Greening the Forest: The First LEED home in Biltmore Forest

The recently completed Cedarcliff residence is the first LEED project in Biltmore Forest.
The recently completed Cedarcliff residence is the first LEED project in Biltmore Forest.

The town of Biltmore Forest, with its stately homes and tree-lined streets, is one of the Asheville area’s most prestigious communities.

Soon-to-be certified at the silver level through LEED for Homes, the recently completed Cedarcliff residence is the first LEED project in Biltmore Forest. The home showcases the fact that new construction and cutting-edge energy-efficiency strategies can blend seamlessly into established neighborhoods.

Our clients, a young family of five, purchased an existing home in Biltmore Forest in 2015. The home was in a state of disrepair and had significant mold issues. These challenges led the owners to rebuild rather than undertake the gut renovation needed to bring the existing structure up to their family’s long-term needs. 

The homeowners are both professional engineers who have a keen interest in innovative building technology. Their excitement to push the envelope on environmentally responsible design inspired the project team to pursue LEED certification, and their detailed research on construction technology was integral to the home’s achieving near-net-zero energy usage.

The key to this project’s success was a fully integrated design team. The owners, architects, contractor, mechanical engineer, and landscape architects all championed the sustainability goals, starting early in the project. Each party contributed significantly to the end result: a high-performing, elegant home that blends seamlessly into Biltmore Forest’s residential atmosphere.

The design and construction team employed several strategies to optimize the home’s energy performance. To prevent conditioned air from leaking out of the home, the owners requested that penetrations through the building envelope be kept to a minimum. All vents and exhausts were combined into a single outlet wherever possible, and a ventless clothes dryer was installed. Based on guidance from the mechanical engineer, triple-glazed super-insulated European windows are installed throughout the house. 

Since the demolished home already had a basement, this project was an ideal candidate for prefabricated Superior Walls. They are a factory-finished concrete product, which means there is no on-site foundation construction waste. They provide continuous external insulation, minimizing thermal bridging at the foundation and keeping the basement warm. 

Above grade, the exterior walls were constructed with a continuous exterior rigid insulation ZIP panel system, with an R-value of 9. The walls are 2×6 wood framing, with the stud cavities filled with open-cell foamed-in-place insulation to supplement the ZIP system. The functional R-value of the exterior walls is around R-30.

In addition to these energy-conserving measures, a 10.5-kW photovoltaic array was installed on the roof, in conjunction with a Tesla Powerwall residential energy storage system.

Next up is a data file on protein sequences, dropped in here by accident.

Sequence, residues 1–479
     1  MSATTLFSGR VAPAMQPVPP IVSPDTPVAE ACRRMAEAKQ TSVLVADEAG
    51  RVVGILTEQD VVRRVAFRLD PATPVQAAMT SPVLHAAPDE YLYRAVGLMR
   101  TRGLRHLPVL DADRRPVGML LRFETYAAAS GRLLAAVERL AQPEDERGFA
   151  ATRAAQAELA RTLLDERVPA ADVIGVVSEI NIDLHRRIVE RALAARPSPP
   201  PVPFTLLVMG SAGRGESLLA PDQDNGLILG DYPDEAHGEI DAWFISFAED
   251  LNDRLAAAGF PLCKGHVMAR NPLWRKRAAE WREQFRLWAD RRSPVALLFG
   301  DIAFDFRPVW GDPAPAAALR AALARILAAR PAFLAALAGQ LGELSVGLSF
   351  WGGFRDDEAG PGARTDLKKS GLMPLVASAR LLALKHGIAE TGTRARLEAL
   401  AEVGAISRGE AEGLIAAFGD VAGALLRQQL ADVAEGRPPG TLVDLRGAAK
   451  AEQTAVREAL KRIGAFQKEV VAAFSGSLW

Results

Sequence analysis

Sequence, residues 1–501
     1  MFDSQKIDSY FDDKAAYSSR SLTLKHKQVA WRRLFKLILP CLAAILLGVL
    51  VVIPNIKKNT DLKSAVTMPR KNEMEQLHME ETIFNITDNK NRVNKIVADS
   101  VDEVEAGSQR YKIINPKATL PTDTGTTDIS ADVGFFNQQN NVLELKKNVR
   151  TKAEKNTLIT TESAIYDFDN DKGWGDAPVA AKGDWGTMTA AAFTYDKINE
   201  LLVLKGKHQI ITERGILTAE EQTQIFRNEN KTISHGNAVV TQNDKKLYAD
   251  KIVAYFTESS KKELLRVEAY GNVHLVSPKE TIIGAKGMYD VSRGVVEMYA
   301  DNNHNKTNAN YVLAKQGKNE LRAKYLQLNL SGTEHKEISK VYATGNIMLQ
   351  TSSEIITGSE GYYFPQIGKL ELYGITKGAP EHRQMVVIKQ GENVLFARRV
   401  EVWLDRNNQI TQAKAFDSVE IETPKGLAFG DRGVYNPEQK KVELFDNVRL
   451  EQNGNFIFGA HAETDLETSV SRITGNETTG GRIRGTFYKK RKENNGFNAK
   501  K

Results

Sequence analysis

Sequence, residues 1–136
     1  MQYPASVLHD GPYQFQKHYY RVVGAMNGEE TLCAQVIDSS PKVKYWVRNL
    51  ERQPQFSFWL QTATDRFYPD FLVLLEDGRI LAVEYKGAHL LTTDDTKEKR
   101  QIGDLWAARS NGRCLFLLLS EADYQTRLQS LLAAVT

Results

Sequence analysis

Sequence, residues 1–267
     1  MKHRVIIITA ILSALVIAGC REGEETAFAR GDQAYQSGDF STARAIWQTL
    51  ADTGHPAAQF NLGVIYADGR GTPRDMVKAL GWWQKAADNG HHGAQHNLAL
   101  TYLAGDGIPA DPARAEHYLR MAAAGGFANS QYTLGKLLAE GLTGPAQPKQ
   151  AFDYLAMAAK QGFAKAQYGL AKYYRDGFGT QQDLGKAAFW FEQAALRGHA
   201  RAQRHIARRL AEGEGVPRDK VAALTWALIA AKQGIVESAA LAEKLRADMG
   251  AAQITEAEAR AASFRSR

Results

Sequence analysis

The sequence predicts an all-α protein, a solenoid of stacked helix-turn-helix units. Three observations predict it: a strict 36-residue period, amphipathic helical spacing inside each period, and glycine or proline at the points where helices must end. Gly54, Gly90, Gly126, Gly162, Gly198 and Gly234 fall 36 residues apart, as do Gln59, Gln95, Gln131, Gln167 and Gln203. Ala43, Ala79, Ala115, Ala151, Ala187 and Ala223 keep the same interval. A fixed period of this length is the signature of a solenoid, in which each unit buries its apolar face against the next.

The above listed technologies allowed the home to achieve a HERS energy rating of 3, which means that it is more energy efficient than 97 percent of houses in the US. In super-energy-efficient homes like this one however, it is not unusual to see the actual energy usage at net-zero, due to the owners’ increased awareness of the home’s energy usage.

Part of Biltmore Forest’s appeal lies in the name. It is characterized by heavily wooded, established forests that stretch across the home sites. Great care was taken to not only preserve the site’s wooded character, but to improve it. A dense hemlock forest shields the home site from the road, but it had been neglected and overrun with invasive English ivy. The landscape architects developed a plan to remove the invasive species and diseased trees from the site. New eastern hemlock trees replaced the removed trees, and a maintenance plan was implemented to safeguard the improved hemlock forest from the wooly adelgid, an insect that has ravaged 90 percent of the eastern hemlocks in North America. 

The project team chose to design the new house and hardscape areas as close in size and location to the previously constructed areas as possible. This approach allowed most of the existing trees and native plantings on the site to remain. Preserving the most valuable trees gave the team some leeway to strategically remove trees for daylighting the interior while maintaining the site’s forest charm.

With these techniques and the collaboration of skilled designers, builders, and consultants, we were able to design a beautiful, high-functioning home for a family who will be able to enjoy it for years to come. 

Margaret Chandler is an architect with Samsel Architects. She has worked in sustainable design since earning her degrees at Clemson University, and briefly lived in a treehouse off the grid in Austin, TX. Margaret has spent years serving on the AIA Asheville Executive Committee in a variety of roles. Connect with Margaret at

You can also view this article as it was originally published on page 32 of the 2021-22 edition of the directory.